So Britney Spears’ long-awaited new music video for the song “Work B**ch” dropped yesterday, and… I don’t know, Bettys. Something about it really rubs me the wrong way. Is it just me? Don’t get me wrong; “Work B**ch” is a catchy tune, and I’m sure it’s going to do well on the club circuit. At first glance, the video for it is kind of all over the place—she’s in the desert, she’s by a pool, she’s in a Michael Bay video, she’s in the VIP room—but after watching it a few times, I find it unbelievably problematic. In case you haven’t seen it yet, have a look-see:
The lyrical content of the tune is pretty plainly about Brit Brit’s rise to pop power and what she did to get to the top (and, by extension, what her fans could do to get there, too—a sort of modern-day Horatio Alger story if you will); what I find troubling, though, is that it stops there. It’s no secret that Britney’s agents, minders, handlers, and so on engineered rather a lot of her career—so much so that for a good long while, she seemed not to want to be in the spotlight anymore. The tragedy was that she stayed there at the behest of those around her, which I’ve no doubt contributed a great deal to her 2008 breakdown. I can’t help but think that “Work B**ch” would have been a more powerful song if it also addressed all the pushing and pulling various other influences had on her life and how it affected her, but maybe that’s just me.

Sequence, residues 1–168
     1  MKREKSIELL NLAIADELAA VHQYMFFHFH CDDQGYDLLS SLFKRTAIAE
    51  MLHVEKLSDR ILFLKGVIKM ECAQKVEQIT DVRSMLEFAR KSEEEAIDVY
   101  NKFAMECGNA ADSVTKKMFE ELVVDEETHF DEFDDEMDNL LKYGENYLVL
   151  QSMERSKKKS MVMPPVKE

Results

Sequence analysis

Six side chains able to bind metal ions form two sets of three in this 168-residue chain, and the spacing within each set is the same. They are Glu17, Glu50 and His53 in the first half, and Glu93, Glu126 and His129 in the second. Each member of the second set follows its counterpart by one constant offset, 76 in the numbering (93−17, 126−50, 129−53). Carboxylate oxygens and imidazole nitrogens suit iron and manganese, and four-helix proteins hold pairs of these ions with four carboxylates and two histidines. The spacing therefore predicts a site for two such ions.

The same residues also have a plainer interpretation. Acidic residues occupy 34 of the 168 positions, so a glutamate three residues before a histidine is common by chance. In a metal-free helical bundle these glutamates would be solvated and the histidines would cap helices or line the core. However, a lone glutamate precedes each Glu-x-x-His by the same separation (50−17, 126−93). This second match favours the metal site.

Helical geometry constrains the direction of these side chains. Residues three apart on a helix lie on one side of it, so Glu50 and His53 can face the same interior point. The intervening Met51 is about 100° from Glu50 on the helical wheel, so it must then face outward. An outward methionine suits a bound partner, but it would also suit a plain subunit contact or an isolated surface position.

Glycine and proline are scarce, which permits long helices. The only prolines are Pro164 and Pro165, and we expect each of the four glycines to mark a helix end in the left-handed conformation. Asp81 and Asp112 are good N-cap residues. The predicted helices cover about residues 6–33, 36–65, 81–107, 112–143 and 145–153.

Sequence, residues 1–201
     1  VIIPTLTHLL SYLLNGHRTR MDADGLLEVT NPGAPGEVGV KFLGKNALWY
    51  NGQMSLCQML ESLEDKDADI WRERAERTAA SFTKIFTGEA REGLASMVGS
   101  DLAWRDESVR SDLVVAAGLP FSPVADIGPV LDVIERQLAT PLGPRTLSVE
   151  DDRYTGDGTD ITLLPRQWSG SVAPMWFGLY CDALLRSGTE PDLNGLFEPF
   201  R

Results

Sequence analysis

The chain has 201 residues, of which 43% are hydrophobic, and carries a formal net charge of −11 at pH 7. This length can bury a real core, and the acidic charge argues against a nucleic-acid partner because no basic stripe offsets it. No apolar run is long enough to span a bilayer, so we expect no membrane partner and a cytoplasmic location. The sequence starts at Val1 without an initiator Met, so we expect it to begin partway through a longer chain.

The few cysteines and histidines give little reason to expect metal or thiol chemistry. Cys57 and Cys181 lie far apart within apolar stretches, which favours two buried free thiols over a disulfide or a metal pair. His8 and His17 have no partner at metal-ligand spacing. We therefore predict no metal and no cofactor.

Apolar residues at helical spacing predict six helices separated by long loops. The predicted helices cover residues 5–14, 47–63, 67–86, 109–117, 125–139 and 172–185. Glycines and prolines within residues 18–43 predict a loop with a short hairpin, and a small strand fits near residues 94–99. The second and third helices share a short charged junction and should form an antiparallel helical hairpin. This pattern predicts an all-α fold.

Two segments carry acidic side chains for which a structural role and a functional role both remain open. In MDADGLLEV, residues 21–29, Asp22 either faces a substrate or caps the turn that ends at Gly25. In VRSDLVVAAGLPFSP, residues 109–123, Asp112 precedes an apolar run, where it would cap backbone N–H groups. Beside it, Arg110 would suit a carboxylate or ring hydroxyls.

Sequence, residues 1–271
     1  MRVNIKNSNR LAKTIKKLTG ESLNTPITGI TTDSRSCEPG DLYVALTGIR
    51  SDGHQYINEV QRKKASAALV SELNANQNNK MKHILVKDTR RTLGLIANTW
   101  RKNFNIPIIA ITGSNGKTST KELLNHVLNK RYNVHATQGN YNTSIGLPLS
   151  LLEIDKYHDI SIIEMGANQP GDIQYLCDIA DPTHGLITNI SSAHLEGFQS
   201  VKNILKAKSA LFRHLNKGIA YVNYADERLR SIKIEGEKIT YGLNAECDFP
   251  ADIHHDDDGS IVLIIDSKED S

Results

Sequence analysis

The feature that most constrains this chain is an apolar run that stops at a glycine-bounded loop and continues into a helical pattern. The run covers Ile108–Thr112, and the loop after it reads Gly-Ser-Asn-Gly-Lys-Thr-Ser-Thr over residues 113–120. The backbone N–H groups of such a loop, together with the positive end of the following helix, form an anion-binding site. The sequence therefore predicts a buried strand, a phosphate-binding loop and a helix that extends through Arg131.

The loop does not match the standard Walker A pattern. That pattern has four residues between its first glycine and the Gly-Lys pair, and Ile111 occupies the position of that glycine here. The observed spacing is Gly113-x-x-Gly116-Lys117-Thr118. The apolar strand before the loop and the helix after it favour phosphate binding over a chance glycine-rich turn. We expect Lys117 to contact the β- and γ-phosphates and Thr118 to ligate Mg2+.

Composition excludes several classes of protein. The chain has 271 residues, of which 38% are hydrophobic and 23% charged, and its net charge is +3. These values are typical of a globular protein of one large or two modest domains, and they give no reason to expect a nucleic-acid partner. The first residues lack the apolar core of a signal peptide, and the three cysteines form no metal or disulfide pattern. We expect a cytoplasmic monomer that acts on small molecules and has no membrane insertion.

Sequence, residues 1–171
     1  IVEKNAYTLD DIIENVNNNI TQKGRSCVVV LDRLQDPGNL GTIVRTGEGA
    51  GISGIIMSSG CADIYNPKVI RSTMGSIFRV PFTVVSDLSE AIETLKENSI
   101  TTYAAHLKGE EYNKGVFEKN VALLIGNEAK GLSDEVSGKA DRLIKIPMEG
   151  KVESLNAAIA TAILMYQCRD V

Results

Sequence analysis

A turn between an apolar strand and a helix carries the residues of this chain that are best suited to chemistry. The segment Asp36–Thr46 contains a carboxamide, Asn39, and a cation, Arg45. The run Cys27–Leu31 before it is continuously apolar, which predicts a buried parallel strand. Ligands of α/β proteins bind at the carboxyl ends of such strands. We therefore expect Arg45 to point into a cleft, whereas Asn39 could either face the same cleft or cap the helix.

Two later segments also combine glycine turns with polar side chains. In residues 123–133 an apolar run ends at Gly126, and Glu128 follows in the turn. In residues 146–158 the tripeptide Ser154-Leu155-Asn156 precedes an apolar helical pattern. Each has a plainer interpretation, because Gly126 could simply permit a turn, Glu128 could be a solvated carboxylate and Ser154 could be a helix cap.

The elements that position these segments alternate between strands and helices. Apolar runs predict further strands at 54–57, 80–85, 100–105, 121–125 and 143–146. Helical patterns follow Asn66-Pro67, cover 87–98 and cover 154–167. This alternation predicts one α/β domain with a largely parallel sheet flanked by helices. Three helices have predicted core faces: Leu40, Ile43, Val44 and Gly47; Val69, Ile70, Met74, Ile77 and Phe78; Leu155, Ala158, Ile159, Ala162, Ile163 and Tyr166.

I also find it troublesome that Britney spends so much of the video kicking other women to the curb. At one point, she is literally surrounded by sharks; the fact that they’re circling her in the same way most of the women in the video do, it draws a not-so-subtle line between the two things. In this business, other women are sharks, you stand alone, and the only way to succeed is to beat ‘em all down. This is one of the inherent problems in the music industry, but instead of commenting on it and depicting it as something that needs to change—which it desperately, desperately does—it revels in it.
Maybe I’m reading too much into it, or applying too much of a feminist sensibility to it, or whatever. I also realize that I’m in the minority and that critical opinion of both the tune and the video is overwhelmingly positive. But no matter how hard I try, I just can’t get behind it (or whoever dreamed up the idea for it in the first place). Anyone else?
Lucia Peters is BettyConfidential’s senior editor.